When I was a teen picking out my Confirmation saint, I searched long and hard for someone who was least likely to change my image… meaning someone like me!
But while I was drowning myself Googling saints, I stumbled across a loud-mouthed girl around my age who converted almost every pagan she encountered. Although I hadn’t converted anyone from my knowledge, I knew that I loved reasoning with people and speaking openly about my faith; I knew I wanted to be more like her.
I learned that she had studied many faiths before she became Christian. At 18, she was converted by a vision of the Our Lady and the Holy Child. After that, she was B.O.L.D.
This young woman went straight to the emperor Maxentius after she heard that he was persecuting Christians and rebuked him. Not only did she stand up for injustice, she fought for change. She reasoned with Maxentius, and when he could not answer her arguments against his pagan gods, he summoned fifty philosophers to “set her straight.”
Out of the Ordinary
Not only did she convert all his philosophers who were then burned to death, she converted many more people. The emperor’s wife and a high official visited Catherine when he was away. They found enough truth in her words to fearlessly accept Christ within an unrelenting society, and they lost their lives after Maxentius returned. Catherine was sentenced to death.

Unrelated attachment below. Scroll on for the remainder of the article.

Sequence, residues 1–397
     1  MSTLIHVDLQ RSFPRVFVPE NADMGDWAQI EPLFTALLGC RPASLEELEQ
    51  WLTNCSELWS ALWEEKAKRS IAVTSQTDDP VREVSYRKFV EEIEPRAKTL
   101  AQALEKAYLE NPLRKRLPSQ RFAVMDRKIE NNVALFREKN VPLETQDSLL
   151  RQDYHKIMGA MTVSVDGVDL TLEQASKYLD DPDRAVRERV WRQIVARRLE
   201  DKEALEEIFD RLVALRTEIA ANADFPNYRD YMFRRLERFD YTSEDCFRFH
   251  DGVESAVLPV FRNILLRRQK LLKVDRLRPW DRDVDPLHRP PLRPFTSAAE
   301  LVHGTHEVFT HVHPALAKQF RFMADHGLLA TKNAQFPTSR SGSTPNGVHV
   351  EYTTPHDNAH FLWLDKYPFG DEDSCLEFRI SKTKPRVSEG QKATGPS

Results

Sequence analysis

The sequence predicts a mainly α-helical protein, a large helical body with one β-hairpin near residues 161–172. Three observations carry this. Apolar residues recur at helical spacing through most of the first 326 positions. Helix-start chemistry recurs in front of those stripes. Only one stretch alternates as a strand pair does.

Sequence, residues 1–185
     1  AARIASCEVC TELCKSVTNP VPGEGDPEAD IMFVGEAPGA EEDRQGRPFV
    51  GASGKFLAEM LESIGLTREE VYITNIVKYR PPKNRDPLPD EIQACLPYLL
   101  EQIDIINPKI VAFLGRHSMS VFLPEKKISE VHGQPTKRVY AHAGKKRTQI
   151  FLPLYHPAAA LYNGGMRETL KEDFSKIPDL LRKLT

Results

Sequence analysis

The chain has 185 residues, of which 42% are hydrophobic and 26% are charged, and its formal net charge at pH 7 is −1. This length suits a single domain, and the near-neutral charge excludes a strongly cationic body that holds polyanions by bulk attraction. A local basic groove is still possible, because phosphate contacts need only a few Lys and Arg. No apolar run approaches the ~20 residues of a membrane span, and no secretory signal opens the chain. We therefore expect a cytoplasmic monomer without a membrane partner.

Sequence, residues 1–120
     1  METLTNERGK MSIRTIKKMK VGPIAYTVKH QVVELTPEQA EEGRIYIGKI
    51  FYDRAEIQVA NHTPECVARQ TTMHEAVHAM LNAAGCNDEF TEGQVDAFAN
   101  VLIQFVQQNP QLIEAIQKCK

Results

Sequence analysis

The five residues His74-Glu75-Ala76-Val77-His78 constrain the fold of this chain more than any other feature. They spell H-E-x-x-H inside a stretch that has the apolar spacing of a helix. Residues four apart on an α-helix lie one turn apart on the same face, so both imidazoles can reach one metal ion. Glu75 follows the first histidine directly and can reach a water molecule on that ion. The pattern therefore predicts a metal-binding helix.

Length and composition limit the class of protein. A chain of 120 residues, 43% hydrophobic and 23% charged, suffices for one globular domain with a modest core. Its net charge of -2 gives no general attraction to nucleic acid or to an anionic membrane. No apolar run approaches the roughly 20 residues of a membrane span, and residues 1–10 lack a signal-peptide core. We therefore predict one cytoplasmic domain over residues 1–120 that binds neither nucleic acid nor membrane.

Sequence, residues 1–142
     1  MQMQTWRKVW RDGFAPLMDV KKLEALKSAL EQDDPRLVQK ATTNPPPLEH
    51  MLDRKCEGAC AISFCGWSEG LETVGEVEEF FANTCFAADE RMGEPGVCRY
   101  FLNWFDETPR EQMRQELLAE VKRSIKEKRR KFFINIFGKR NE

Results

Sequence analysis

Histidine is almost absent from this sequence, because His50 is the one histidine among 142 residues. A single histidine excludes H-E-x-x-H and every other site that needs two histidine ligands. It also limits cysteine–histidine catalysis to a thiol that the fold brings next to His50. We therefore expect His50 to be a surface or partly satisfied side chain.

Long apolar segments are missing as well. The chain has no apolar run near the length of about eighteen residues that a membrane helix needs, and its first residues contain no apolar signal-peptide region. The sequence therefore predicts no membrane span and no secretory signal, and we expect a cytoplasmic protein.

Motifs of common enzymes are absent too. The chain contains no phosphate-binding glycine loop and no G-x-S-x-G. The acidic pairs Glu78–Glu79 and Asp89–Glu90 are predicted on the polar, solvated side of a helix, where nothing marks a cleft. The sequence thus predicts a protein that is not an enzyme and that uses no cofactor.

Not only is converting the wife of your persecutor out of the ordinary, converting almost everyone you speak with is unique. She had the fire of the Holy Spirit on her lips. Sometimes I wish her words were preserved in a capsule to be proclaimed to the lost sheep of today.
It may be hard to see a saint martyred so early in her ministry, but God loved her. He loved her so much that God gave her the gift of His voice to proclaim truth, and she used it. After her death, it is said her body was carried away by angels up to Mount Sinai, where a church was later built in her honor.
Though her words were not preserved, her bold actions are remembered as many churches in Western Europe are named after her.
St. Catherine was a beautiful woman and Maxentius gladly offered her a royal marriage if she would denounce her faith. She refused. We can learn a lot from her faith. So often our world gives us temptations to distract us from God. We must step out of that routine and be okay with being uncomfortable to make a change for the better.
I am not telling you to run around trying to convert everyone. I am not telling you to run off to a country where Christians are persecuted (news flash – you’re already in one). I am asking you to consider the inspiration and message this beautiful woman of God left with us. Our faith is special and worth sharing… and worth sacrificing for.
Today, let us remember a B.O.L.D. woman, a patroness of young women, philosophers and preachers.
St. Catherine of Alexandria, pray for us!